Effectively managing your stress can greatly reduce your risk of serious stress related illness. When you have symptoms of any serious condition, always consult your doctor. In the meantime, let’s reduce the causes of stress in your life.
How to Reduce Your Stressors
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Once causes of stress are introduced and you’re buried under a pile of anxiety, it's hard to find a way out. Don’t get overwhelmed. One small step is better than nothing at all. Once you feel a lot of stress, ask yourself these questions to find the cause of the stress:
- When did I start feeling this way?
- Is this a real or perceived stressful situation?
- Am I safe?
- Is there anything I need to do right at this moment?
- What am I dreading right now?
Once you’ve answered these questions and figured out what you're reacting to, you can better tackle the cause of the stress.
Manage Your Time
Stress comes from being pulled in a million different directions and feeling stretched so thin that you’re unable to give anything 100%. This leaves you feeling inadequate, guilty, or nervous about results.
When looking at your day, take 5 minutes to jot down a to-do list. Label three categories: priority, later today, another time. Tackle your day in that order. Get the most uncomfortable or difficult issue tackled first. When you do this, the rest of your day is less stressful because you’re not thinking of that task all day.
Scratch things off your list. This is cathartic. It gives you a definitive signal that a task is accomplished. Whatever you don’t get to, just carry over to the “another time” section of the next day and don’t feel guilty about it. You’ll get to it or maybe it doesn’t belong on a list at all. Delegate where you can.
The Power of No
It’s ok to say no. It doesn’t mean you’re lacking or incapable of more—it means you’re giving the things you’ve said yes to your full attention. If there’s a work function that will leave you all kinds of stressed because of the family commitment you’ll miss, say no to the work function. Don’t skip out on every function but it’s fine to say no to those optional events.
A friend wants you to come over three hours early to help decorate for her kid’s party but it’s your only day to sleep in? Say no. It’s ok; she’ll still love you. When you’re declining invites or projects, be honest. There are tactful ways to say no:
- My calendar is booked, I can’t make it. It sounds like fun so maybe next time!
- I’d love to, but I already have plans in the morning—with my bed.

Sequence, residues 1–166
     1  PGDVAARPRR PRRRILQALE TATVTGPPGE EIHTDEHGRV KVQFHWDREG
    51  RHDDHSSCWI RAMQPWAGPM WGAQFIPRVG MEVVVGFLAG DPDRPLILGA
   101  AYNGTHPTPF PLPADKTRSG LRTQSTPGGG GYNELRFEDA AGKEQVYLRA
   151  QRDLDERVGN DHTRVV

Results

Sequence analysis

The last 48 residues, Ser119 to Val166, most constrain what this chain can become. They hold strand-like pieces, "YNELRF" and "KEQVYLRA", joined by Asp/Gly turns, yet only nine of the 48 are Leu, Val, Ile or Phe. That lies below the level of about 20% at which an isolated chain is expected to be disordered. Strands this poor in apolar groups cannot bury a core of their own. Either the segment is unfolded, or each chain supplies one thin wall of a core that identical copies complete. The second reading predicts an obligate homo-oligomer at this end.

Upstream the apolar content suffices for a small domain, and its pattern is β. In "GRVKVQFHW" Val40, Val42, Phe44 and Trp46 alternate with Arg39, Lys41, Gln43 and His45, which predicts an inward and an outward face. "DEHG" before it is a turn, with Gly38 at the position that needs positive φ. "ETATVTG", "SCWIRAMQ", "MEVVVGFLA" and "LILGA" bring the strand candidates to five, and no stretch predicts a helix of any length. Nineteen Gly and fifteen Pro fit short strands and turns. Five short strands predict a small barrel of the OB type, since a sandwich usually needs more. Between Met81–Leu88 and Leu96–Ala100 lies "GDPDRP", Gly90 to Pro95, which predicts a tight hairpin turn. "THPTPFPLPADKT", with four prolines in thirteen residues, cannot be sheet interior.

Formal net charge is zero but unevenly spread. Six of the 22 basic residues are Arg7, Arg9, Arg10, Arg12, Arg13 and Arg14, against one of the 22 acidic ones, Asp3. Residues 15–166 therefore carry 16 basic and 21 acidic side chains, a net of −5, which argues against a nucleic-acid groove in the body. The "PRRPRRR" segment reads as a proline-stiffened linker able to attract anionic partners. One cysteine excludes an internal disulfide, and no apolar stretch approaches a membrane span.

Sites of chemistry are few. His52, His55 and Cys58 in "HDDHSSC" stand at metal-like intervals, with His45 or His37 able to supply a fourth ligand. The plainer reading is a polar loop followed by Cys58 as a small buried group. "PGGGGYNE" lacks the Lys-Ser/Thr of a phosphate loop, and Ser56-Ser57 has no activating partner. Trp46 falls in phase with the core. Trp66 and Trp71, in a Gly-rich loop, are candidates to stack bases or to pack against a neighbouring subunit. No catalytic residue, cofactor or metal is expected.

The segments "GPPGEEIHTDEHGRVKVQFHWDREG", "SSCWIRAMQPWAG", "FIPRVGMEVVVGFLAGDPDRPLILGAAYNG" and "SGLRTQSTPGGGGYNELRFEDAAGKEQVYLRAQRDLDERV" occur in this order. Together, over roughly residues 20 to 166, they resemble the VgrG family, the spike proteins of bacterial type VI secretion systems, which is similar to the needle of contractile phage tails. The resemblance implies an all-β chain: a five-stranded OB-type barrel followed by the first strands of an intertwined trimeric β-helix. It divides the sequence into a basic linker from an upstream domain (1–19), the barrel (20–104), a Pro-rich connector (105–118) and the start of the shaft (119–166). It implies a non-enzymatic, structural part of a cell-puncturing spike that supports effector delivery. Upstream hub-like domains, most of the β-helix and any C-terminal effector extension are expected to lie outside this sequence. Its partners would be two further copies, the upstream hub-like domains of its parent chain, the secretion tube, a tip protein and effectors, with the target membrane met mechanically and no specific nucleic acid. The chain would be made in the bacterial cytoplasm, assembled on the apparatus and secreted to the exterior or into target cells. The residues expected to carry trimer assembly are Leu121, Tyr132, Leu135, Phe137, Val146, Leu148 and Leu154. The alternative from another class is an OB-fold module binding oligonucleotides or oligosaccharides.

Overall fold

- I wouldn’t be able to give this project the attention it deserves so I have to ask you to give it to someone else.
- That night is family night. I don’t let my kids get out of it, so they don’t let me get out of it either.
There’s no arguing with a solid no that is polite and honest. Nobody wants to come in between you and your family or give you a project you can’t give your attention to.
Small, Healthy Changes
Making small healthy lifestyle changes can reduce the effect causes of stress will have on your body.
- Reduce or eliminate caffeine
- Establish a stable, doable exercise routine
- Limit alcohol and quit smoking
- Practice mindfulness and meditation
- Breathe—three deep, steady breaths in and out work miracles
- End your day with a laugh out loud funny show or video
All these ideas will go a long way to reducing causes of stress and will lessen your reaction to causes of stress.
Causes of Stress - Conclusion
Stress is inevitable in certain amounts and can even push you to a finish line or higher result than you thought possible. But it shouldn’t be your standard feeling.
Take Time for You
Do something nice for yourself every day. Yes, every day. It can be as simple as driving by that house you think is so beautiful or grabbing oranges at the store because you love an orange slice with your evening tea.
Be sure to take vacations. Americans are overworked and by global standards don’t take vacations as often as they should. If you’re low on funds, make it a "staycation"—sleep in, try new recipes, take walks in new neighborhoods, or give yourself mani-pedis at home. Remind yourself that you’re worth taking a breather.
If you find you’re having a very difficult time with debilitating stress and anxiety, reach out to a professional. Talking to a therapist can give you even more effective tools to offload that harmful stress. Ohm…